Put Down your Phone in Meetings

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Leadership tip of the week #102

Adapted from HBR

If you’ve ever wondered whether you have a colleague’s full attention while they’re staring at their phone, stop wondering.

You don’t.

But instead of getting frustrated that coworkers constantly check their devices during meetings, take action.

  1. You might start by sharing research that shows even the mere presence of a cell phone — much less its glowing screen and constant buzzing — is bad for productivity.
  2. Then talk with your team about the upsides and downsides of using devices during meetings.
  3. Propose ground rules like “Be totally present” and “Keep the phone in your pocket.”
  4. The team could also agree to use a simple phrase like “Tech-check” as a friendly way of reminding someone to put their phone away.
  5. Once a few rules are in place, stick to them — and point out when a colleague doesn’t.

You might get some annoyed looks at first, but over time the team will set a new norm.

Adapted from “How to Get Someone to Put Away Their Phone and Actually Listen,” by Joseph Grenny and Kelly Andrews

Culture Ripple Effect

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Leadership Tip of the week #101

adapted from HBR

By the age of six months, a baby begins to understand that his actions can affect his environment.

It’s amazing how as adults we quickly unlearn this.

As business leaders when we talk about shaping or changing company culture we sometimes forget to own the fact that we are the culture. Culture is not something that is laid down in a strategy document, or changed in the blink of an eye at an offsite event designed to rally the troops. Culture is how we act every day. It’s impacted by how we as individuals choose to behave and evidenced in the ripple effect that our actions catalyse.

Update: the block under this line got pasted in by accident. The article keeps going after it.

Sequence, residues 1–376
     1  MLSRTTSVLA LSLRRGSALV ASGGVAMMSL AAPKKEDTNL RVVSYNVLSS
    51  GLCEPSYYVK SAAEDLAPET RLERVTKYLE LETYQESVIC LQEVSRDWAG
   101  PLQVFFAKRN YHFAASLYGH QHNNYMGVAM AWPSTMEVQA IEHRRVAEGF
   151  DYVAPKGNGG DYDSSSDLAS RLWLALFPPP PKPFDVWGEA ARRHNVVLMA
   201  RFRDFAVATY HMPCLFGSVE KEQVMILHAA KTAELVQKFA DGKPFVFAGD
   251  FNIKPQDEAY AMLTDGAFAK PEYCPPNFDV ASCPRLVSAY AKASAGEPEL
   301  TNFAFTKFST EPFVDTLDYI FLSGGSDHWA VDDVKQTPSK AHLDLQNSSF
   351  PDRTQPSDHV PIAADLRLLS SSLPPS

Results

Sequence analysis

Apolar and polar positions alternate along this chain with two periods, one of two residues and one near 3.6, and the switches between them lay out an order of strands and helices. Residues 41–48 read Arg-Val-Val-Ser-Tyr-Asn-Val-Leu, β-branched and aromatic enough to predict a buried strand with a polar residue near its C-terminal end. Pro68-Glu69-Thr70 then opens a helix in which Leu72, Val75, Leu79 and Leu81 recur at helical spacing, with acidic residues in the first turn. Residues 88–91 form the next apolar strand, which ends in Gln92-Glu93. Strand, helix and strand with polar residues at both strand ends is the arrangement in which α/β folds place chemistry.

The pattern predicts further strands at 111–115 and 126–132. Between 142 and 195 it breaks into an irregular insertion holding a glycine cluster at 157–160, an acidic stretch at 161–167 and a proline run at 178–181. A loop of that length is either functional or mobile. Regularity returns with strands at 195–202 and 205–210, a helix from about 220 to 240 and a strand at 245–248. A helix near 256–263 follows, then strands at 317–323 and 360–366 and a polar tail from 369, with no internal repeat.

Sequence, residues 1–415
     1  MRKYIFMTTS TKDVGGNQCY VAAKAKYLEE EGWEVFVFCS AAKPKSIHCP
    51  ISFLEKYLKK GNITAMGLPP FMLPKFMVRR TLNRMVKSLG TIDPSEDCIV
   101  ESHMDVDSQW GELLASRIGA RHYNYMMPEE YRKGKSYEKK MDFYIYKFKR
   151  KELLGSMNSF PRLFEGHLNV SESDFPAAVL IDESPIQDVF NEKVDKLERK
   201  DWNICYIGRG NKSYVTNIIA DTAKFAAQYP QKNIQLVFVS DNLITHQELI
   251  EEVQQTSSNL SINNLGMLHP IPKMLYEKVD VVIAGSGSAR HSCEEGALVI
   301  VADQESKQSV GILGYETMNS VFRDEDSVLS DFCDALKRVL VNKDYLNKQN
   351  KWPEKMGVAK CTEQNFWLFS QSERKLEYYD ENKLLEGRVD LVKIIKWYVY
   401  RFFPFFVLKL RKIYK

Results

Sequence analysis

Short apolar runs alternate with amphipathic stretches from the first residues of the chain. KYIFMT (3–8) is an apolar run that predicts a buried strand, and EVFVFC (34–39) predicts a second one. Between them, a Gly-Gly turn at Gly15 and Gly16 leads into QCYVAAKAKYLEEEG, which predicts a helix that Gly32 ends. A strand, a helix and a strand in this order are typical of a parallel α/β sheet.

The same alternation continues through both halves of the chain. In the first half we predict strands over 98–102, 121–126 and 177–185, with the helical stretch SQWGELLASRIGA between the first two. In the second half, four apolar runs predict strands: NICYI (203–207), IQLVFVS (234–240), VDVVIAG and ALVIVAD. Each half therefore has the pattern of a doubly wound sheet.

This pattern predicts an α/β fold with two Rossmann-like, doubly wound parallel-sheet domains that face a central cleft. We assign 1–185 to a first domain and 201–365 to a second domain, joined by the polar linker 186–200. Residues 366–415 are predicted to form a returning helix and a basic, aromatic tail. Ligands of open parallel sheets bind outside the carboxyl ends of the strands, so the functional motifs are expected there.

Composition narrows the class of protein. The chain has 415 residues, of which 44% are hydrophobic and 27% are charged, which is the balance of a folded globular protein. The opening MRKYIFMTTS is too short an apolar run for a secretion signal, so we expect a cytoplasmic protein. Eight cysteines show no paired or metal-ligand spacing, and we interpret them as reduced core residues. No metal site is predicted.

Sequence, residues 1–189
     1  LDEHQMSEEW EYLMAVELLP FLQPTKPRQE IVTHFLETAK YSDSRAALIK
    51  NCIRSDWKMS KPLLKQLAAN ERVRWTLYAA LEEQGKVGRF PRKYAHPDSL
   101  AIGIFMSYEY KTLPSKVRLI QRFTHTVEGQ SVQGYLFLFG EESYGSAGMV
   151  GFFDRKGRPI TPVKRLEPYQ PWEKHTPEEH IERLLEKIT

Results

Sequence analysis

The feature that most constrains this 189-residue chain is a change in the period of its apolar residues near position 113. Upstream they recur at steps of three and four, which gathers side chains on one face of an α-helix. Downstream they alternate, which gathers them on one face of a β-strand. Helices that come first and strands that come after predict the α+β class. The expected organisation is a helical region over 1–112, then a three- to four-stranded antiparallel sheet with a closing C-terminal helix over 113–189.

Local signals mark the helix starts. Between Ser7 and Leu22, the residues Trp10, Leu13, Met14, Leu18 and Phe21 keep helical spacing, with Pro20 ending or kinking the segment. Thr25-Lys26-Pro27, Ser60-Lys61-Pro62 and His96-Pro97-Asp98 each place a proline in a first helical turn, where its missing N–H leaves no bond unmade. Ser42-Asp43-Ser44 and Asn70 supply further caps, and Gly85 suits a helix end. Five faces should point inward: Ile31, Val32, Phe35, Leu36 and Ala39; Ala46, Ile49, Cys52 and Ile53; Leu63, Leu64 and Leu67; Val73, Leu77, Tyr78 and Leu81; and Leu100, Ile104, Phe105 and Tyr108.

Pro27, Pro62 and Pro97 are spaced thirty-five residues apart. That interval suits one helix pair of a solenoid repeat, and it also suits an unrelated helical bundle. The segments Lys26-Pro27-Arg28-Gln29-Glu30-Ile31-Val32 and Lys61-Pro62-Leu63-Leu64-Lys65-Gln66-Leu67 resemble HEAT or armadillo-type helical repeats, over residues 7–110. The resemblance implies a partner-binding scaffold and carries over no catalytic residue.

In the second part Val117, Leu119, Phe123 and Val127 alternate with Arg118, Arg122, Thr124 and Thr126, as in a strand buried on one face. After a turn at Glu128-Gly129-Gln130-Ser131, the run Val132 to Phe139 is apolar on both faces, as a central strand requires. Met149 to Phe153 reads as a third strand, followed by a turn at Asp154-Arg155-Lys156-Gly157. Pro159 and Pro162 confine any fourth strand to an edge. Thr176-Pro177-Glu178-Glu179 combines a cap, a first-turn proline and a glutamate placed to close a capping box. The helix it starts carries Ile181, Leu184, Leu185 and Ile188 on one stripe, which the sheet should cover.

When we seek change we often start by looking to see what we can change in others, forgetting that the ripples begin right where we are.

We must walk the walk and Talk the talk

Does your Body Language Convey Confidence?

2CAFE003-6197-4A2F-B950-3F20A3462969Leadship Tip of the Week #85

ADAPTED FROM HBR

If you want people at work to trust and respect you, regardless of your title or authority, pay attention to your body language.

How you stand, sit, and speak all affect whether people are open to being influenced by you. For example, standing up straight with your shoulders back helps you come across as confident and commanding, while slouching and looking down at your feet have the opposite effect.

When meeting with someone you don’t know well, keep your arms uncrossed, your hands by your sides, and your torso open and pointed at the other person. This sends the message that you are open and trustworthy.

And try pitching your voice a little lower than you normally would, to connote power. This can counteract the effect of nervousness, which tends to push the tone of your voice higher.

Adapted from “How to Increase Your Influence at Work,” by Rebecca Knight